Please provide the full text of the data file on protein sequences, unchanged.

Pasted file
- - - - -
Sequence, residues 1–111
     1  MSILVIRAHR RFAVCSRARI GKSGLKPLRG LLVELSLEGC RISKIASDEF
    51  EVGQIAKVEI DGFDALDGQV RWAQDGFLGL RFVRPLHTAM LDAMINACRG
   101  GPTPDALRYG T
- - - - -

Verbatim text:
Sequence, residues 1–111
     1  MSILVIRAHR RFAVCSRARI GKSGLKPLRG LLVELSLEGC RISKIASDEF
    51  EVGQIAKVEI DGFDALDGQV RWAQDGFLGL RFVRPLHTAM LDAMINACRG
   101  GPTPDALRYG T